complete the semester. Achievement: 85% did complete 
Of first semester non-H.S. students enrolled in Printing at the 
initial attendance report period, 67% will satisfactorily com- 
plete the semes ter* Achievement : 67% did complete* 

The second semester non-H.S. students enrolled in Auto Body at 
the initial first semester attendance report period, 40% will 
satisfactorily complete the semester, or will have accepted a 
full-time position in the above, or closely related, occupation. 
Achievement; 727* did complete* 

Of second semester non-H.S* students enrolled in Auto Mechanics 
at the initial first semester attendance report period, 50% 
will satisfactorily complete the semester, or will have accepted 
a full-time position in the above, or closely related, occupa- 
tion. Achievement: 90% did complete. 

Of second semester non-H*S. students enrolled in Engineering 
Technology, 50% will satisfactorily complete the semester, or 
will have accepted a full-time position in the above, or close- 
ly related occupation. Achievement: 60% did complete. 

Of second semester students enrolled in LVN classes at the 
initial first semester attendance report period, 66% will 



21 



19 



(5) 



( 6 ) 



D. ( 1 ) 



( 2 ) 



(3) 



( 4 ) 



( 5 ) 



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satisfactorily complete the semester. Achievement: N/A. 

Of second semester non- H. S . students enrolled in Photography,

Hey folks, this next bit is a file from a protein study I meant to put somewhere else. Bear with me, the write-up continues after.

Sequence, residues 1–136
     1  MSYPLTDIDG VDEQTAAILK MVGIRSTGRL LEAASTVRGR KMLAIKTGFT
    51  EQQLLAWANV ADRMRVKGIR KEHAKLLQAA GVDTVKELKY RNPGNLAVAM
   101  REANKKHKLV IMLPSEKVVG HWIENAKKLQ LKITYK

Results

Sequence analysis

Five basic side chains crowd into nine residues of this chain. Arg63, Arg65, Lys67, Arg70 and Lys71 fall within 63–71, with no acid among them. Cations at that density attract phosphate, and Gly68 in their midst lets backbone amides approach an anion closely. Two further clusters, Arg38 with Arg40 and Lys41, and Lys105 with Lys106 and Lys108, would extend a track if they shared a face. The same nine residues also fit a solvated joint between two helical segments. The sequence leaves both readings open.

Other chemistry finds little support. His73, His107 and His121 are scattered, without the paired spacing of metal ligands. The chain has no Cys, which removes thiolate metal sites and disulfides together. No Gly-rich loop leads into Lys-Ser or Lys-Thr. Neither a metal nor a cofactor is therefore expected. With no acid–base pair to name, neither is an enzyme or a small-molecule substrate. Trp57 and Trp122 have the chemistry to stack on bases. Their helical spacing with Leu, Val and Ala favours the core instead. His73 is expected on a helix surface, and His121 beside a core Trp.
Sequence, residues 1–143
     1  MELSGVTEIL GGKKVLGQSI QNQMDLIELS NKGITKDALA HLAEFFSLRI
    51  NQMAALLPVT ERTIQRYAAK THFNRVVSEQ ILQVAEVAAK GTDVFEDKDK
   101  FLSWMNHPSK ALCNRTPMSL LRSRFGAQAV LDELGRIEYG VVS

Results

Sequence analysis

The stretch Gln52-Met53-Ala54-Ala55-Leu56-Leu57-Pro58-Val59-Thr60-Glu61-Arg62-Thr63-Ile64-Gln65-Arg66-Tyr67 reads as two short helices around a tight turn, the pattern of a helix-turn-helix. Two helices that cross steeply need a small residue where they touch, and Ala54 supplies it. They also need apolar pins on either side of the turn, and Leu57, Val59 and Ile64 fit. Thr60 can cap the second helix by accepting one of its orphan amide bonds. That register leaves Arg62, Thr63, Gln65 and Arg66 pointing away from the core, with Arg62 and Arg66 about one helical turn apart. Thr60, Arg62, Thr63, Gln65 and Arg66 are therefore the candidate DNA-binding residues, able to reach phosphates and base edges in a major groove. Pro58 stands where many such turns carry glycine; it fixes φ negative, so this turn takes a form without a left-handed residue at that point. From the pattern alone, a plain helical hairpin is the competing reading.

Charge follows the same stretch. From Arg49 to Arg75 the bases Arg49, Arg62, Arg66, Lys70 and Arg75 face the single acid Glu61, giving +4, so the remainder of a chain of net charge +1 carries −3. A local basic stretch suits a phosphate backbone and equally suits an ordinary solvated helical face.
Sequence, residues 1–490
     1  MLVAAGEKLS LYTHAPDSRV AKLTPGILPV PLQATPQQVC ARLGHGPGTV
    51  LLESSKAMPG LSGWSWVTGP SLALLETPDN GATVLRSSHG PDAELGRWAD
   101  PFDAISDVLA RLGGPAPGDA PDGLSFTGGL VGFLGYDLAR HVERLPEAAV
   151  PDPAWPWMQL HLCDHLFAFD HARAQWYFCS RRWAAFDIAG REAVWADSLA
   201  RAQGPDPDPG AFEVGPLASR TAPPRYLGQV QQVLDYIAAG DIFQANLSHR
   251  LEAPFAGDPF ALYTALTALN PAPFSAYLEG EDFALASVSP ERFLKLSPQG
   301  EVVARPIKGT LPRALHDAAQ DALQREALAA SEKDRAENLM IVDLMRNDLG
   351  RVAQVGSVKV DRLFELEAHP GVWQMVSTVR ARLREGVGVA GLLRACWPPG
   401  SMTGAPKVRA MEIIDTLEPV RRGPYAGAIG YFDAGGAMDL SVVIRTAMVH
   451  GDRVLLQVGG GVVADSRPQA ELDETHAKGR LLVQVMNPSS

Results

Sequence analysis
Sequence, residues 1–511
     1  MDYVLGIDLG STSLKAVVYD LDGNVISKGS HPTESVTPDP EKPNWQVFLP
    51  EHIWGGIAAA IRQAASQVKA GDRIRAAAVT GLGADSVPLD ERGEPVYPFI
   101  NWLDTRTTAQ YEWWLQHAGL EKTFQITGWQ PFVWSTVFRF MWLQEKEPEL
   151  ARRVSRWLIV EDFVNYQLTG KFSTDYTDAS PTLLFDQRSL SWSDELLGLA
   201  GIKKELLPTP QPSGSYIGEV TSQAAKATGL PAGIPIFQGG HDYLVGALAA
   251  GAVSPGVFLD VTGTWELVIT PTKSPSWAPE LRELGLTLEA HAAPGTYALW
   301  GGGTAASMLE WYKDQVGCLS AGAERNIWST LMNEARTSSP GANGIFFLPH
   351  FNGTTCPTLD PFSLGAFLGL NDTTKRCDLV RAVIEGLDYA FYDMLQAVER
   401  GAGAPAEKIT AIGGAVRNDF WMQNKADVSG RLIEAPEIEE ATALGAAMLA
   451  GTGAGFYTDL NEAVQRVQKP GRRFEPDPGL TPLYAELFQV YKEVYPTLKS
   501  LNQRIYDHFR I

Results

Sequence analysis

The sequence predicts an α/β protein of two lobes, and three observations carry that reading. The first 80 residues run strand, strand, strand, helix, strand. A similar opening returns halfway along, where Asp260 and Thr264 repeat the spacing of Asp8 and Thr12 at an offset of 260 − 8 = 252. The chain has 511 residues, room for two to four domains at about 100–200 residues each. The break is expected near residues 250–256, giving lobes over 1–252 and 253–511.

90% will satisfactorily complete the semester, or will have 
accepted a full-time position in the above, or closely re-* 
lated, occupation. Achievement: 100% did complete. 

Of second semester non-H.3. students enrolled in Printing at 
the initial first semester attendance report period, 60% will 
satisfactorily complete the semester, or will have accepted 
a full-time position in the above, or closely related, occu- 
pation. Achievement: 78% did complete. 

Of students receiving a certificate or degree in Au o Body, 

50% will accept a position in the specified, or closely re- 
lated occupation. Achievement: 100% accepted positions. 

Of students receiving a certificate or dgree in Auto Mechanics, 
50% will accept a position in the specified, or closely related 
occupation. Achievement: 80% accepted positions. 

Of students receiving a certificate or degree in Engineering 
Technology, 90% will accept a full-time position in the speci- 
fied or closely related, occupation. Achievement: 75% accepted 

positions . 

Of students receiving a certificate or degree in LVN, 90% will 
accept a position in the specified, or closely related, occu- 
pation. Achievement: N/A* 

Of students receiving a certificate or degree in Photography, 

90% will accept a position in the specified, or closely related, 
occupation. Achievement! 1007* accepted positions. 




20 



(6) Of students receiving a certificate or degree in Printing, 90% 

will accept a full-time position in the above, or closely relat- 
ed , occupation, Achievement: N/A. 

E„ Of last year's students placed In a full-time position in the speci- 
fied, or closely related, occupation, 90% will be judged by their 
employer to be successful employees at the end of their first year 
of employment. Achievement : Auto Body - 100%; Auto Mechanics - 

100%; Licensed Vocational Nursing - 90%, Photography - 100%, and